Taking the Right Steps

Ladders are pretty common in any workplace. Regardless the type of work your district does, or you do specifically. Hanging a picture frame? Changing a light bulb? Putting out a fire on a high building? A ladder can be useful and even essential in all of these cases, but it can also be deadly when not used correctly. A recent study published by the Centers for Disease Control and Prevention states that “falls remain a leading cause of unintentional injury mortality nationwide, and 43% of fatal falls in the last decade have involved a ladder.” The causes of these falls can vary, but many of them have to do with employees not utilizing ladders safely or from using a damaged ladder.

There are many different types of ladders on the market that vary in size, shape, and capability. It is important to educate yourself on what is available and take your intended purpose for the ladder into account. This also means selecting ladders based on their construction depending on what their intended use is. Ladders can be made of fiberglass, aluminum, or wood and each material has its pros and cons. For example, aluminum ladders should never be used around anything electrical while wood ladders tend to damage easily.

There are also step ladders, extension ladders, and some innovative combination ladders that can be set up as a step ladder or spread open to work like an extension ladder. Whichever ladder you decide on, always follow the manufacturer’s recommendations.

Before using your ladder, be sure to complete a proper inspection. Look at all of the rivets, bolts, rungs, and rails to make sure they are not missing, damaged, or cracked. If there is something damaged on the ladder, tag it as “out of service”. This also includes the stickers that line the sides of the ladders. The information on the sides of the ladder explain the proper setup, weight requirements, and other useful information.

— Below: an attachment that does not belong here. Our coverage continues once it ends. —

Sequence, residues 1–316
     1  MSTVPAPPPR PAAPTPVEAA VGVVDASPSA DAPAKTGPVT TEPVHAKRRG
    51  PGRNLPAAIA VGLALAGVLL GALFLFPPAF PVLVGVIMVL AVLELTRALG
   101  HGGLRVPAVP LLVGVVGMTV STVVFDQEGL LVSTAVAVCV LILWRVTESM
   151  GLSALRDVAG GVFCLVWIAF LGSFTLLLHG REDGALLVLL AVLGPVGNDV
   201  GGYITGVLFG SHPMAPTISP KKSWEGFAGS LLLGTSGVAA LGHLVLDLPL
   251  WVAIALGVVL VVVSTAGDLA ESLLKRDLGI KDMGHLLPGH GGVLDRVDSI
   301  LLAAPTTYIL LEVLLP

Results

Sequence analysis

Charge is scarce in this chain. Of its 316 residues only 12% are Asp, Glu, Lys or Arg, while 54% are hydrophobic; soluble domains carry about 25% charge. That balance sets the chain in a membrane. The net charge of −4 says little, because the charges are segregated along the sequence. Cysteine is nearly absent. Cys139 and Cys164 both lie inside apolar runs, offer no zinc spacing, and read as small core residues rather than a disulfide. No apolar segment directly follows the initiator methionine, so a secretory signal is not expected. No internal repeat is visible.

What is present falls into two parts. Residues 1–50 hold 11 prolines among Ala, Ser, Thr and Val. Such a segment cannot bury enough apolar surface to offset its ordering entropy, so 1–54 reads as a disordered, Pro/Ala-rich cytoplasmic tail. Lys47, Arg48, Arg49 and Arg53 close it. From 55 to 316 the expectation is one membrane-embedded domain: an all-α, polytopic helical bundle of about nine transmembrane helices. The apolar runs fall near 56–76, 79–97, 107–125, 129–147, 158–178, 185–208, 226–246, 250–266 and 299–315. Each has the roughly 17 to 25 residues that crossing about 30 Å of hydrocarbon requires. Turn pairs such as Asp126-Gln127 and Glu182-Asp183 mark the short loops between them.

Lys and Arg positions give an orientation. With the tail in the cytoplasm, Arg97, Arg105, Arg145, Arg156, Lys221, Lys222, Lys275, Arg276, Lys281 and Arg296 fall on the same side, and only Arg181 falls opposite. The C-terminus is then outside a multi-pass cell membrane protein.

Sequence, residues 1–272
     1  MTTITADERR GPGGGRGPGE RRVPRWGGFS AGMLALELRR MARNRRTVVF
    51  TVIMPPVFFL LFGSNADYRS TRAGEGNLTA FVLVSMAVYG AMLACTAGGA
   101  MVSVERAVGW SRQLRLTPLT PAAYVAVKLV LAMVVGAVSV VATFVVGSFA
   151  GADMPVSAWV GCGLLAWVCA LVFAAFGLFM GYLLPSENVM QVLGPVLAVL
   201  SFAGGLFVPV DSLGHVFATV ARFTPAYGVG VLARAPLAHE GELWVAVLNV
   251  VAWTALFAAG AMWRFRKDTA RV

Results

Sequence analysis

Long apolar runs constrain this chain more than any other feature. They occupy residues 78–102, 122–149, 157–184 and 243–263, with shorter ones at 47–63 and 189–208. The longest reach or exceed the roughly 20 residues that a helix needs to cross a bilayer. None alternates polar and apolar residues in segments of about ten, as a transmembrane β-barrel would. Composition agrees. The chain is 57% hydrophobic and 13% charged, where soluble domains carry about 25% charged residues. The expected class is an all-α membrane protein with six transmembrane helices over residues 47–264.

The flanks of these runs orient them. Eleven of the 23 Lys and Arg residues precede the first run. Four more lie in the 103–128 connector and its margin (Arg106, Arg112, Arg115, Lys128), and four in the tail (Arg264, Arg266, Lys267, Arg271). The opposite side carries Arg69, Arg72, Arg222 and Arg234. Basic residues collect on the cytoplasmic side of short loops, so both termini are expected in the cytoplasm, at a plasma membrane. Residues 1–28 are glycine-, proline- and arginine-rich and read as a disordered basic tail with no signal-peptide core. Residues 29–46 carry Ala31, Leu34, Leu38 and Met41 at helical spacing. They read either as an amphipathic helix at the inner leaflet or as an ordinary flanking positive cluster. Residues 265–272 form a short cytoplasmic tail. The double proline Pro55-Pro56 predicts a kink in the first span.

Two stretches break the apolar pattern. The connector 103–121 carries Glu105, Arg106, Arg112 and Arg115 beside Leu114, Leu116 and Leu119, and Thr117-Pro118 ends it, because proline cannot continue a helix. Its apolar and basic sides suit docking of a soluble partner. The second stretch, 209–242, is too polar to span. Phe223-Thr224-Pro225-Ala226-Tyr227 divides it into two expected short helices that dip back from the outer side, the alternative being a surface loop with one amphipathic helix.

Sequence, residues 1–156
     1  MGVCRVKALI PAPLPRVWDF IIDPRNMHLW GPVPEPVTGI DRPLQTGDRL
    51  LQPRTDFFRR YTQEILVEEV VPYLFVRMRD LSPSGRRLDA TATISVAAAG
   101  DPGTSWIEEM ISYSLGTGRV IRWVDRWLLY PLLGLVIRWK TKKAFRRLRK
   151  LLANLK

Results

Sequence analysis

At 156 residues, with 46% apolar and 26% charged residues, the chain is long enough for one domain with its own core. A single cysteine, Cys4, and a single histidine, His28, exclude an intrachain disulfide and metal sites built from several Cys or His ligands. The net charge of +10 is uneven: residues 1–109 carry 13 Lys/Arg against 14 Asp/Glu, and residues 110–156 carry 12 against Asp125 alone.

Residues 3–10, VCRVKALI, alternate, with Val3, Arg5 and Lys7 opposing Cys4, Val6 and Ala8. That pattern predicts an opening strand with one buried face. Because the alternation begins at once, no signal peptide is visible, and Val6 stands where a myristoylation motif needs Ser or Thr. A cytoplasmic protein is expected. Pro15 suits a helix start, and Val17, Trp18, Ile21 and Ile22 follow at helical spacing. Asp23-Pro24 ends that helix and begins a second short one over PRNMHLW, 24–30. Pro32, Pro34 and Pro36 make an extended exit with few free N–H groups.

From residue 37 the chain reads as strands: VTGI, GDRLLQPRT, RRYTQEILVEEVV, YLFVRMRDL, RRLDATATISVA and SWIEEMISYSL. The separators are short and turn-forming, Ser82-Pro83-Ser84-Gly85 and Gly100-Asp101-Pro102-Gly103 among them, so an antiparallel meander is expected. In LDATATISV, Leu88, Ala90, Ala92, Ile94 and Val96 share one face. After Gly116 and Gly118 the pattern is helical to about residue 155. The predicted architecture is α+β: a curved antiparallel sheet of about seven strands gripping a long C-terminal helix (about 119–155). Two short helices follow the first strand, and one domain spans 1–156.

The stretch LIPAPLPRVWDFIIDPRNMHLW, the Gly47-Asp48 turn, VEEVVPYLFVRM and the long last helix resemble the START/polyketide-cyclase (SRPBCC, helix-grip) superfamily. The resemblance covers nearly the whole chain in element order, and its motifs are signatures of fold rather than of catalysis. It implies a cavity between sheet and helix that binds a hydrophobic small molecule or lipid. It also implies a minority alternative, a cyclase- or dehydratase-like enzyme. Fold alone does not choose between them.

There are several companies that can repair damaged ladders, so if you have an expensive ladder that has a few issues, look into getting it repaired by a professional before putting it back in service. It can be tempting to try and repair the ladder on your own, but in-house repair jobs could produce a weak spot in your ladder, causing it to collapse without warning.

Proper setup is next on your list. If you are using an A-frame, extension ladder, or stepladder, make sure that it is completely open and locked on firm, level ground. If the ladder wobbles or one of the feet is not touching the ground, either level the ground or reposition the ladder. Never put anything like a piece of wood or a rock under one of the feet to level it out; it should always be on firm, level ground.

Another safety consideration is proper angling. A proper 4:1 ratio is the correct angle, and a simple way of testing this is by placing your feet at the base of the ladder and putting your arms in front of you. If the tips of your fingers are touching the ladder, then you have roughly a 4:1 ratio. If you are working alone, then you should tie off the top and the bottom of the ladder to prevent it from falling over or kicking out while in use.

While using the ladder, maintain three points of contact at all times. This means that you should not be carrying anything in your hands while climbing up a ladder. Utilize a bucket and hook it to your belt, or have a rope ready to bring your material up after you climb the ladder. When climbing the ladder, you should always face it and stay centered while climbing and working. A good best practice is to keep your belt buckle between the ladder rails. If you need to access an area that requires you to reach outside of the rails, then you should get off of the ladder and reposition it.

Don’t think of ladders as your only option when trying to access work areas. There are a lot of other options that might be safer. If you are working in an area for an extended period of time, it might be a good idea to set up scaffolding. Different types of scaffolding can be set on wheel casters so they are mobile and easy to move. There are also other options like aerial man lifts or scissor lifts. These would be safer options since you would be working from a solid platform in lieu of holding onto a ladder.

The National Institute for Occupational Safety and Health (NIOSH) has developed a useful free mobile application called “Ladder Safety” that helps to choose the right ladder for your task, the required inspection, setup, its proper use, and the appropriate accessories for the task. One of the most useful tools within the app is the measuring tool, which utilizes your phone’s gyroscope and accelerometer to assist with proper angles and levels of your ladder. It tells you if your ladder is too steep, too shallow, or just right. You can download the iOS version of the app here, or the Android version here.

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